New park bench serves as lasting memory

2013-07-10T00:00:00Z New park bench serves as lasting memoryBy Times Staff
July 10, 2013 12:00 am  • 

MUNSTER | Park benches dot the pathways that wind through the history lessons, combat tributes and military scenery of the Edward P. Robinson Veterans Memorial Park, 9710 Calumet Ave. 

One new bench is much smaller in size and stands out among the rest, however. A plaque inscribed on the seat back reads: “To honor all children whose lives have been impacted by war.” The child-sized seat was recently donated by Gerry and Marlene Rothenberg, of Gary.

The 6.5-acre memorial has become a tourist attraction and commemorates the sacrifices and achievements of veterans of major military conflicts that shaped the 20th century. The idea was developed in the late 1990s when a group of local veterans came together to talk about creating a place that honors the nation’s war heroes. The final design encompasses three main goals: to remember, to educate and to challenge.

“When we first visited in 2011, we were incredibly moved by the memorial,” Marlene Rothenberg said. “The displays are about a parent, family member, neighbor or friend who was a soldier – a loved one who didn’t come back from the war.

"One of the goals of the memorial is to remember. We feel it’s our responsibility to pass along the stories about the people – family members - who are no longer with us,” she added.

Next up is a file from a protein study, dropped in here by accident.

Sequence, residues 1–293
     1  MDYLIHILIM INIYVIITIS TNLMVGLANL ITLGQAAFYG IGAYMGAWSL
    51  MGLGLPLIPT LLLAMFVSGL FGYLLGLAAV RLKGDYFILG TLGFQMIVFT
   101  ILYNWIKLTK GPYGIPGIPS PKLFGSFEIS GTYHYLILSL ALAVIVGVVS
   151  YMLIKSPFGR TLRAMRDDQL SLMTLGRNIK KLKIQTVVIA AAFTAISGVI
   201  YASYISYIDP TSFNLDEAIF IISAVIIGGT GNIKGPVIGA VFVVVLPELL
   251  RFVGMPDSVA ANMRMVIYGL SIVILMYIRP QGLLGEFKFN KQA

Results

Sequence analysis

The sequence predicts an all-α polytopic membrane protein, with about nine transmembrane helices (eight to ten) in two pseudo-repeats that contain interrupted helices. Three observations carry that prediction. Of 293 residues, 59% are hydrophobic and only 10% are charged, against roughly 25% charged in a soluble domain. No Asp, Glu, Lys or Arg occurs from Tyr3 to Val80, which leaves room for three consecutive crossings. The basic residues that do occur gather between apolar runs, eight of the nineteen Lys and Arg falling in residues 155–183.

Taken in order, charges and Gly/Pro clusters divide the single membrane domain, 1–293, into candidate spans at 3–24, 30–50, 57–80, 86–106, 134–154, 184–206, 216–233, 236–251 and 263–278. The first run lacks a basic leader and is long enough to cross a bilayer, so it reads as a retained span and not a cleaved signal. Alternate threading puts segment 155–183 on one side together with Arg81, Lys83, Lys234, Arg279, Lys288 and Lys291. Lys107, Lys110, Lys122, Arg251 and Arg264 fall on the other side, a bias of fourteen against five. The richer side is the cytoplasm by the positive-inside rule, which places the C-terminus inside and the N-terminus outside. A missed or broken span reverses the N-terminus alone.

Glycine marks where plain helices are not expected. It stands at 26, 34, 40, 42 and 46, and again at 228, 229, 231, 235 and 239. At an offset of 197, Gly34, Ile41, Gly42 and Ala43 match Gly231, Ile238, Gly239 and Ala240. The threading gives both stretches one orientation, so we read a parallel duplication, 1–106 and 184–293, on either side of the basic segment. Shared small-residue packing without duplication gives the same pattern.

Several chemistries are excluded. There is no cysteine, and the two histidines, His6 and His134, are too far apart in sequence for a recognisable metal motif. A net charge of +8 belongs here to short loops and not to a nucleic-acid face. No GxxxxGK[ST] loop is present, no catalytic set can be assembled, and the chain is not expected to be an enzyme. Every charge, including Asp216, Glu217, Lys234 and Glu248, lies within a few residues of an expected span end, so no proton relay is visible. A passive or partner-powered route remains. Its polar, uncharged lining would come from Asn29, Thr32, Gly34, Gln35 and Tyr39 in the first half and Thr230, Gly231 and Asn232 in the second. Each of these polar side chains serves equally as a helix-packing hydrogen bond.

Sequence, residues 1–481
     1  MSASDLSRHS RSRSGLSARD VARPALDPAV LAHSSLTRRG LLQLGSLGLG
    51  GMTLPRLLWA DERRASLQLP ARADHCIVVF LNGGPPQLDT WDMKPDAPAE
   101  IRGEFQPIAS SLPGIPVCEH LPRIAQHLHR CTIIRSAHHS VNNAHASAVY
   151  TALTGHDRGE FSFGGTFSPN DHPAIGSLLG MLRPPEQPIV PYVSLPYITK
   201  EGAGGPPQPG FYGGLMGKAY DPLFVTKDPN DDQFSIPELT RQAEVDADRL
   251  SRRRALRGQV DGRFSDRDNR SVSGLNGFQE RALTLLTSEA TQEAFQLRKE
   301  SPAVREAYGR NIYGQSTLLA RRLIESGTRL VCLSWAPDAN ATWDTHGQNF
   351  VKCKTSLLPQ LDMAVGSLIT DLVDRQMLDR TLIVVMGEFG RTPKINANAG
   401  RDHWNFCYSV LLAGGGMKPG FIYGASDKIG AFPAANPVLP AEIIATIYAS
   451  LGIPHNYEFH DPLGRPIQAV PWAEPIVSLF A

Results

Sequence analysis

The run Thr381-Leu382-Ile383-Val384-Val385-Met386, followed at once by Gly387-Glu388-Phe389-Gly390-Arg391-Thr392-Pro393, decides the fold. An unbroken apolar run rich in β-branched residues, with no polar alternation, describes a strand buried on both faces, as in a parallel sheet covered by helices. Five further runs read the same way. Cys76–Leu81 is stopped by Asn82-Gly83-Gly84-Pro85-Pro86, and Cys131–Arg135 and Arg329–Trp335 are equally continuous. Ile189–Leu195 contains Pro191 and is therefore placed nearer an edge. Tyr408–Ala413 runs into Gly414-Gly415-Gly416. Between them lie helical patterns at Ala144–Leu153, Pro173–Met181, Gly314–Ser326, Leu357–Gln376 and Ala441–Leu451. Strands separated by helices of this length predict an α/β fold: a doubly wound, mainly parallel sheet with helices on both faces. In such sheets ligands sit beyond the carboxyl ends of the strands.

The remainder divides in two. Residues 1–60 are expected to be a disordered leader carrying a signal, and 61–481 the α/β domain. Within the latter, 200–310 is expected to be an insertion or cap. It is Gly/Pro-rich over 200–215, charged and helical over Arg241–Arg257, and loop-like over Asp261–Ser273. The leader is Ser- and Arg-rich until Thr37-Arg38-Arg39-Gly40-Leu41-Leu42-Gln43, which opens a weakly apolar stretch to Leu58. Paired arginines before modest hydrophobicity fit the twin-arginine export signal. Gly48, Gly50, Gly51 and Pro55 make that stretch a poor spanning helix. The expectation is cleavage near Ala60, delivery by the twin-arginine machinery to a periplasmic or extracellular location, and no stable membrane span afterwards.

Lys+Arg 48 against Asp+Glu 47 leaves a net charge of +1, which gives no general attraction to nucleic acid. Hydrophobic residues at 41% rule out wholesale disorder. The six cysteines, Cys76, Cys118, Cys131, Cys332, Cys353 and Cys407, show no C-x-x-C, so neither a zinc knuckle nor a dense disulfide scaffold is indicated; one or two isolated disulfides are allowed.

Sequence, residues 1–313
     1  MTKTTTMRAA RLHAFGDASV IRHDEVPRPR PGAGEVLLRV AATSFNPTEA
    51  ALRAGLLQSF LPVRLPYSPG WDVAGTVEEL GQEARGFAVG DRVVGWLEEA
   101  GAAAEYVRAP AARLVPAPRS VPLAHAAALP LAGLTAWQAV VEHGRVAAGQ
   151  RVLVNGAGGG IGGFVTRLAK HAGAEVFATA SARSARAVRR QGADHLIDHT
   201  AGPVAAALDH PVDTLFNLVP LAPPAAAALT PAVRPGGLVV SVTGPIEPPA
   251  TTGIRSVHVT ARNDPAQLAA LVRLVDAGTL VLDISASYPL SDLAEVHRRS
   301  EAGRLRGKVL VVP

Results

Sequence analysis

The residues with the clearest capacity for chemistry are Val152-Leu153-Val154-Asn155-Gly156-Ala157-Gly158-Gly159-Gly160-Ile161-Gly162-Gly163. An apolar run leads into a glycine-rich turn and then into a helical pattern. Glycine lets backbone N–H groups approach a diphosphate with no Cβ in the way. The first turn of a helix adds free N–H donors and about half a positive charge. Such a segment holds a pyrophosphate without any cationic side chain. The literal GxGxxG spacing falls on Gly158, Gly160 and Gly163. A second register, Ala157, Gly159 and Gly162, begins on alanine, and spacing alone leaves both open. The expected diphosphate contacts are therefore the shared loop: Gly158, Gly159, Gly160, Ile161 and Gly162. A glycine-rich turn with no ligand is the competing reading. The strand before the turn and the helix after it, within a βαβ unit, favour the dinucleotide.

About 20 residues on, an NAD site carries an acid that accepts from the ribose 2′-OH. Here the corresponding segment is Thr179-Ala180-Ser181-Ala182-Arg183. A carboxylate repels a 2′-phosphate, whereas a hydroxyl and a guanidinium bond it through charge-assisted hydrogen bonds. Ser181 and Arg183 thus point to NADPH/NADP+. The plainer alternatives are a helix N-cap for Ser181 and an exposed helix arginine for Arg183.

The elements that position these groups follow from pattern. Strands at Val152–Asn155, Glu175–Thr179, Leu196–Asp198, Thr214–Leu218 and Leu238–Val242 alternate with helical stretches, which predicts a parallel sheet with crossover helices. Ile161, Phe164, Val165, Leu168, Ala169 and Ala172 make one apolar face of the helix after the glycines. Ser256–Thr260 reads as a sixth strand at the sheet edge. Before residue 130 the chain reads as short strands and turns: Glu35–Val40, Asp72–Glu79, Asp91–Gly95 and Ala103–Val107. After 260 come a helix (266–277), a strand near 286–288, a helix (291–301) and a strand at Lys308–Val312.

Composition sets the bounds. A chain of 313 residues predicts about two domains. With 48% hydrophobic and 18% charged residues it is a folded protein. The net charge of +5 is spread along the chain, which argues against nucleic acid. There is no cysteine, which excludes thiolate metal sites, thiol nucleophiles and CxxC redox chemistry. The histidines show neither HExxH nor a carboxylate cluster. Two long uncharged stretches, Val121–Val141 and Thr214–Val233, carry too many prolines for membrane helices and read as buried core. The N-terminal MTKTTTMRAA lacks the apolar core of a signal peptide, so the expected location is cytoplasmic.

“We may have been more in tune with the idea of remembering and providing a special place just for children because some 25 years ago we lost a child, Julie Elaine Rothenberg,” she said.

“Our nine grandchildren know about her through the stories we have told them. Part of your family may be gone, but they can never be erased from your heart or your memories,” she said. “This bench serves as a lasting memory.”

A separate memorial for each conflict of the 20th century, created from bronze, granite and actual war memorabilia, is set amidst landscapes that depict the terrains of the countries in which the conflicts took place. In the Viet Nam venue, for example, a little boy in bronze carries with him precious remnants - his father's uniform and dog tags.

The park is open daily dawn to dusk. Admission is free. To learn more, visit

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